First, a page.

A Story To Help You Avoid Accidental Racism At Your Next Theme Party

Theme parties can be such a blast because 1) costumes and 2) party.

I'm a big fan of both. Though I don't always wear costumes, when I do [I think] they're pretty awesome. And I'm almost always down for a good party, as long as it's not, well, painfully offensive.

There's a good example of what I'm talking about in the story below. It's about a guy who went to a theme party and felt like an outsider, even among his own friends.



"I love parties. House parties, Halloween parties, Super Bowl parties … you name it. I’m an outgoing guy and I like meeting new people and having a good time. But themed parties, can we talk about it?

Look, obviously some themed parties are stupid racist (hint, anything with blackface is racist). I’m not talking about those. I’m talking about the seemingly innocent 1920s themed parties. Or 1930, or any decade before 1960 really, let alone anything in the 1800s.

My white friends seem to like these parties. Fancy hats and moustaches and 3-piece suits and dresses with white gloves and things like that.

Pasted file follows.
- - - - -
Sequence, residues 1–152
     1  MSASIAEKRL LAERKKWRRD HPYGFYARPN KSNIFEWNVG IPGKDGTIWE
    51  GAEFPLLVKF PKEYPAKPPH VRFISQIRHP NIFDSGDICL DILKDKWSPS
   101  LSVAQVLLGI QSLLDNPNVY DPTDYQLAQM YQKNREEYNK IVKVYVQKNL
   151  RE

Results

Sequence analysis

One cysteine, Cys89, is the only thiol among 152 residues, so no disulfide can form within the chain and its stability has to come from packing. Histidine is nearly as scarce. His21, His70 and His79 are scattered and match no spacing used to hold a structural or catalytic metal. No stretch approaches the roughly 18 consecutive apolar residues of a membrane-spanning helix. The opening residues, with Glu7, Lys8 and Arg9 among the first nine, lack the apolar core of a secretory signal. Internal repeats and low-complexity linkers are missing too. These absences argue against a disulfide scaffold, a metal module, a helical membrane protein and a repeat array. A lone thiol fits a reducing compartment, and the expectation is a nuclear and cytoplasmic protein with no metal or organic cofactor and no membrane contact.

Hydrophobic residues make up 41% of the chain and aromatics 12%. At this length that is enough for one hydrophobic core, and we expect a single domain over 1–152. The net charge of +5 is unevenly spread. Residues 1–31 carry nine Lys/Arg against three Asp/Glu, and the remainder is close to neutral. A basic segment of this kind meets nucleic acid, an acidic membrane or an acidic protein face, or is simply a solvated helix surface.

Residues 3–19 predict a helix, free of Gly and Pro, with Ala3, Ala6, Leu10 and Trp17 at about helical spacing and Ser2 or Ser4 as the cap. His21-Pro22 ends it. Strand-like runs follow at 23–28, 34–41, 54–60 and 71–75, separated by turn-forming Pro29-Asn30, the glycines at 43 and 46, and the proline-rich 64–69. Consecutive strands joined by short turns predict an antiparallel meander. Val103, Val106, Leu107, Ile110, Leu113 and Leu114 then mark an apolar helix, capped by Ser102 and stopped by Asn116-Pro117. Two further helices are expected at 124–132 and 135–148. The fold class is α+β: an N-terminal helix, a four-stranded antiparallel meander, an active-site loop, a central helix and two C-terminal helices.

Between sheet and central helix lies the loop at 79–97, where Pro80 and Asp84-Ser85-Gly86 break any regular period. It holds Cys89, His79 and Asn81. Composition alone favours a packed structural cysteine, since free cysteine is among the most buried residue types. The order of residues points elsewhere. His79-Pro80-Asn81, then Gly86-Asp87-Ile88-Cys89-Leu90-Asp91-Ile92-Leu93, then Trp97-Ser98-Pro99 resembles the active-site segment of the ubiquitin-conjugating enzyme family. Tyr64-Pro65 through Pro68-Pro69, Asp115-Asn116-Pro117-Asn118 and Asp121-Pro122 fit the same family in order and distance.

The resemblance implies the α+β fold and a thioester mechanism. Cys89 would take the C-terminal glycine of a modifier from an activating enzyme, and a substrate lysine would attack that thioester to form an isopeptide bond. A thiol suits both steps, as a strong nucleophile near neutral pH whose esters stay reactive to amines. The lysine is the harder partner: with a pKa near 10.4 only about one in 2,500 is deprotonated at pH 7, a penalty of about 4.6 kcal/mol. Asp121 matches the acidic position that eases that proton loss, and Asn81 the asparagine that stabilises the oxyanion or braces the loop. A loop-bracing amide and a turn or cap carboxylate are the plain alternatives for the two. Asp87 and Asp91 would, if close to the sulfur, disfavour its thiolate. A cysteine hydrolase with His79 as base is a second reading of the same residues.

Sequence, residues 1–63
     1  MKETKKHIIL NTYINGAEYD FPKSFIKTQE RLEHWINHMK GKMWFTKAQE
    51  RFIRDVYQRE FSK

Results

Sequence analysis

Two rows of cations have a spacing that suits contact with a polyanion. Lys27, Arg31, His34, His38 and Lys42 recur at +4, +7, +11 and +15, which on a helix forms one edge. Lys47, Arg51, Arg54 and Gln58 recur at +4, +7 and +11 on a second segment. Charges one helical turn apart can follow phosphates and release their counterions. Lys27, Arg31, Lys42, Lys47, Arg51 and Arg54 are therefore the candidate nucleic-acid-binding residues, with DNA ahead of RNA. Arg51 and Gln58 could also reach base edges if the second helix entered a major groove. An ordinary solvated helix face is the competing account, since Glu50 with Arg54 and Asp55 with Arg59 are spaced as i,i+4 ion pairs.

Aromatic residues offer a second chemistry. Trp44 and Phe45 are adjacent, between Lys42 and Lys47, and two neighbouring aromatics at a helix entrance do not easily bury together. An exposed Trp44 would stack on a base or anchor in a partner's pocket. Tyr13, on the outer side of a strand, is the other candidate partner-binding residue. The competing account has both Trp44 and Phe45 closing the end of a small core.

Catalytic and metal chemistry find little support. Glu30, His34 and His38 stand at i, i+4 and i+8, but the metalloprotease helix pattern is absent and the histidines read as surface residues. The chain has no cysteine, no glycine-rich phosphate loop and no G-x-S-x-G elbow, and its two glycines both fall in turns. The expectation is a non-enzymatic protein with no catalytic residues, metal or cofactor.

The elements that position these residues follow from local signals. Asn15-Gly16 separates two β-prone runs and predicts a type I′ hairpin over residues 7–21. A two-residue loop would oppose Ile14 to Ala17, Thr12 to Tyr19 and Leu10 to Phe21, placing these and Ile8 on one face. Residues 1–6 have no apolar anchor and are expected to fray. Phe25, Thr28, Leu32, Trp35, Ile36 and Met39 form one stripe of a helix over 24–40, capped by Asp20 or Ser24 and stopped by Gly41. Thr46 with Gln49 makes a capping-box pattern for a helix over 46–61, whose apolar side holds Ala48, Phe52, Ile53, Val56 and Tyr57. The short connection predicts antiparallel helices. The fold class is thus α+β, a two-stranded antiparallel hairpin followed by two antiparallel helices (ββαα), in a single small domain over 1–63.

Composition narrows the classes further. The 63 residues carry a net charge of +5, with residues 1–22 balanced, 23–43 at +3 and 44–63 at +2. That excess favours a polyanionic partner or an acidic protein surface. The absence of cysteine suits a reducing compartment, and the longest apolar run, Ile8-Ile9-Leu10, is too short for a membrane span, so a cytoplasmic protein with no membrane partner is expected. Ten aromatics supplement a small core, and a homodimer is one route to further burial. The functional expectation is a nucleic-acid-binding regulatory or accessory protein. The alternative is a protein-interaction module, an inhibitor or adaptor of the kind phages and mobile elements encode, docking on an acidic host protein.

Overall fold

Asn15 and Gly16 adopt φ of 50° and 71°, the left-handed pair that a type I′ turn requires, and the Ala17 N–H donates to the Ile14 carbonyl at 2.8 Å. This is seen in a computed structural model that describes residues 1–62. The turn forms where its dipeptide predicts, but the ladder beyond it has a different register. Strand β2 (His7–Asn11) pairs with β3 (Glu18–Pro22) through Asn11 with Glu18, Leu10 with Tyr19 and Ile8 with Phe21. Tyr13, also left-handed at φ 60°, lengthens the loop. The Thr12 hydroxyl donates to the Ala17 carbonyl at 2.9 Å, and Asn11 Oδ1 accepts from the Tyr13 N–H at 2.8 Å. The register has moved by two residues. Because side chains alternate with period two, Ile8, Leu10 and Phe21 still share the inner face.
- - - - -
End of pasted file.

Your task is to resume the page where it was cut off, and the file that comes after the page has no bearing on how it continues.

Let’s get a few things straight. When white people say they are throwing a '1920s themed party' they’re really saying 'dress like a white person in the 1920s.' If I showed up the way MY ancestors dressed at the time, you would think I missed the memo.

Which is fine, I guess. But I really don’t think they understand that parties like this can get awkward. Especially if I’m the only person who isn’t white.

In a room full of white people wearing clothes from an overtly racist era, at best I feel out of place. At worst, I feel like I’m part of THEIR costume as the servant.